Photo: Oregon Zoo
The Polar Bear Research Council this week released its 2022 master plan, a living document that describes the highest priorities for, and most recent findings from, polar bear studies at zoos. Produced by zoo animal-care experts and polar bear field scientists, the plan aims to advance research that will help protect polar bears as climate change reduces the Arctic sea ice on which they depend.
“We still have gaps in understanding how climate change is affecting polar bears, so it’s essential that the bears in our care help scientists learn more about their species,” said Amy Cutting, interim director of animal care and conservation at the Oregon Zoo. “Zoo bears are perfect candidates to help because they already participate in many health-care behaviors voluntarily and seem to find those experiences enriching.”
Indeed, much of today’s zoo-based polar bear science has its roots in animal-care advances at the Oregon Zoo, according to Cutting. In 2012, polar bears Conrad and Tasul became the first of their species to voluntarily give blood. The breakthrough was huge in terms of improved animal welfare and veterinary care, Cutting says, and it also opened the door to other possibilities.
After reading a news article about this milestone, polar bear scientist Karyn Rode contacted the zoo for assistance with her research in the Arctic. Polar bears are extremely difficult to observe in the wild, and Dr. Rode, a biologist with the U.S. Geological Survey’s Changing Arctic Ecosystems initiative, believed the zoo’s training advances presented a unique opportunity to fill critical knowledge gaps.
Tasul helped Rode learn how climate change was affecting the diets of wild polar bears, then assisted one of her USGS colleagues by wearing a high-tech collar to help calibrate tracking collars deployed on wild bears.
The zoo’s current polar bear residents, Nora and Amelia Gray, are also helping: Nora enjoys her time in a swim flume designed to help scientists understand the caloric requirements of wild polar bears; and before moving to Portland, Amelia Gray was one of a handful of bears outfitted with a “Burr on Fur” — a prototype tech innovation designed by 3M to give conservation scientists a better way to monitor wild bears.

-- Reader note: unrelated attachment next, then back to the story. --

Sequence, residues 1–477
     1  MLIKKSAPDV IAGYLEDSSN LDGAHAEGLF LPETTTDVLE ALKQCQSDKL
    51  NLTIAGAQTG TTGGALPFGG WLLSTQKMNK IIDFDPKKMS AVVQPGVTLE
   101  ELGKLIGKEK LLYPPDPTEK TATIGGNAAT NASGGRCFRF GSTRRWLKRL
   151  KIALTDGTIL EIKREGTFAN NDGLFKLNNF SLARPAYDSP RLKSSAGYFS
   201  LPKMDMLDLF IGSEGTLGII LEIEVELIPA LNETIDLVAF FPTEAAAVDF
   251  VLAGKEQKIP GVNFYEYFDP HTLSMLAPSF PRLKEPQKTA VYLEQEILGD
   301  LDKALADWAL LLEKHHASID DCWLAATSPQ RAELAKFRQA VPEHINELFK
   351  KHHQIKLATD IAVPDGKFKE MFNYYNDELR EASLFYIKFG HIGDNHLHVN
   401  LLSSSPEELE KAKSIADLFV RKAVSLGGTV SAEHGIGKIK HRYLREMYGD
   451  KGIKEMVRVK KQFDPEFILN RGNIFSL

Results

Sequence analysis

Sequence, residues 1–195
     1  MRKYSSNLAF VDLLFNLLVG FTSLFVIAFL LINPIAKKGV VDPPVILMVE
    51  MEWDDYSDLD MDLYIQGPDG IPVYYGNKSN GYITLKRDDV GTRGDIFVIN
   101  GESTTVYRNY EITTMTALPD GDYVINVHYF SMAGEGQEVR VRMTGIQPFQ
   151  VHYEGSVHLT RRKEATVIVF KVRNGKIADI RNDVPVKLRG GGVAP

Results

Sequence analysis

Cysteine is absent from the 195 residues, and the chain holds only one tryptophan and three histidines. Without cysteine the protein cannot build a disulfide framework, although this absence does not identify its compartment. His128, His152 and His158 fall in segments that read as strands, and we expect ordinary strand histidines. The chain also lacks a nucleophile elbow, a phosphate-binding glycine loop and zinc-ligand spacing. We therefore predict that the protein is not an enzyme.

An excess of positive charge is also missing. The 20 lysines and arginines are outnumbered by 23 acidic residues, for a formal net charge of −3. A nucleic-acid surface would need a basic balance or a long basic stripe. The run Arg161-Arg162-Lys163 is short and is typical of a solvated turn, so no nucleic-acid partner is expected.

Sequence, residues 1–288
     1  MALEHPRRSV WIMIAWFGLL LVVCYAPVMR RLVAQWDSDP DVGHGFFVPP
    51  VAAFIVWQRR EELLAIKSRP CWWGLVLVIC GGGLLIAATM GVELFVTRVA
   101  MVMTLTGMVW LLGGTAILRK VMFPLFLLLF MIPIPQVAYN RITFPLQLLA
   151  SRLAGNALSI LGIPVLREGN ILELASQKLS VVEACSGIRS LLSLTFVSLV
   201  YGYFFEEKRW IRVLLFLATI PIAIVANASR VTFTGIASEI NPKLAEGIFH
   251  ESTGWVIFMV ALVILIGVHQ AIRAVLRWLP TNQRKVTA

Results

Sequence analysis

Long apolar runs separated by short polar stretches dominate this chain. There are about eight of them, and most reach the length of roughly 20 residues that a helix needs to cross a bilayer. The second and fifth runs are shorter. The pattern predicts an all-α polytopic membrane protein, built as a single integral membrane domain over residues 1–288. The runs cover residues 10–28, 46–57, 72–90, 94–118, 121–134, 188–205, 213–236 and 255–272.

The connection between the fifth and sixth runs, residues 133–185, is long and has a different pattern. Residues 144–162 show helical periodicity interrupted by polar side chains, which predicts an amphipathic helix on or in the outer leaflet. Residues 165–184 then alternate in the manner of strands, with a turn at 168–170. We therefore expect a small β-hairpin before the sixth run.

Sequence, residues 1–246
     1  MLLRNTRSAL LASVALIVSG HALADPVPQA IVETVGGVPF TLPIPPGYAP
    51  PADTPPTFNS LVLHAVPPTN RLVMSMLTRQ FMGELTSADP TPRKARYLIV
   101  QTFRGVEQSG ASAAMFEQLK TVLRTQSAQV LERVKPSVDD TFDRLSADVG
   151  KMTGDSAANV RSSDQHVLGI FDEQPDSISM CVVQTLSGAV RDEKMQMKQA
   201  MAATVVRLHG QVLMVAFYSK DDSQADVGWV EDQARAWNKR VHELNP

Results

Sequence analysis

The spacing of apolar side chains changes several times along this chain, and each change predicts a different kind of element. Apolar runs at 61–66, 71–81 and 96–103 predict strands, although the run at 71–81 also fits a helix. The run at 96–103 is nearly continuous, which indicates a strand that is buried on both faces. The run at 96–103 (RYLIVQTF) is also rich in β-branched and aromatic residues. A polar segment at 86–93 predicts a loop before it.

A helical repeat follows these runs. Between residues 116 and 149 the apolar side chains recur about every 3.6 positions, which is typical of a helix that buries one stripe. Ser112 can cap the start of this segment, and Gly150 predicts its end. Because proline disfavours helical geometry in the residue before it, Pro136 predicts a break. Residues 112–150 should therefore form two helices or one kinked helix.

“We’re excited to be continuing our collaborations with our conservation science partners,” Cutting said. “And it’s a great way for zoo guests to see that important work in action.”
The collaborative efforts couldn’t come at a more urgent time. As climate change reduces Arctic sea ice, polar bears struggle to find and catch seals, making it harder for them and their cubs to survive. The species is classified as threatened under the U.S. Endangered Species Act, and the International Union for the Conservation of Nature’s Species Survival Commission has designated the species as facing a high risk of global extinction.
In 2018, Polar Bears International supported efforts of the Association of Zoos and Aquariums in forming the Polar Bear Research Council. Composed of zoo professionals and polar bear researchers, the council focuses on keeping research current with emerging scientific questions regarding wild bears.
Polar Passage, where Nora and Amelia Gray live, is one of eight major projects made possible by a community-supported Oregon Zoo bond measure passed in 2008. Many of the habitat’s features were funded through donations to the Oregon Zoo Foundation, which supports zoo’s animal welfare, conservation and education efforts. To learn more or to make a gift, call 503-220-2493 or email firstname.lastname@example.org.
Source: Oregon Zoo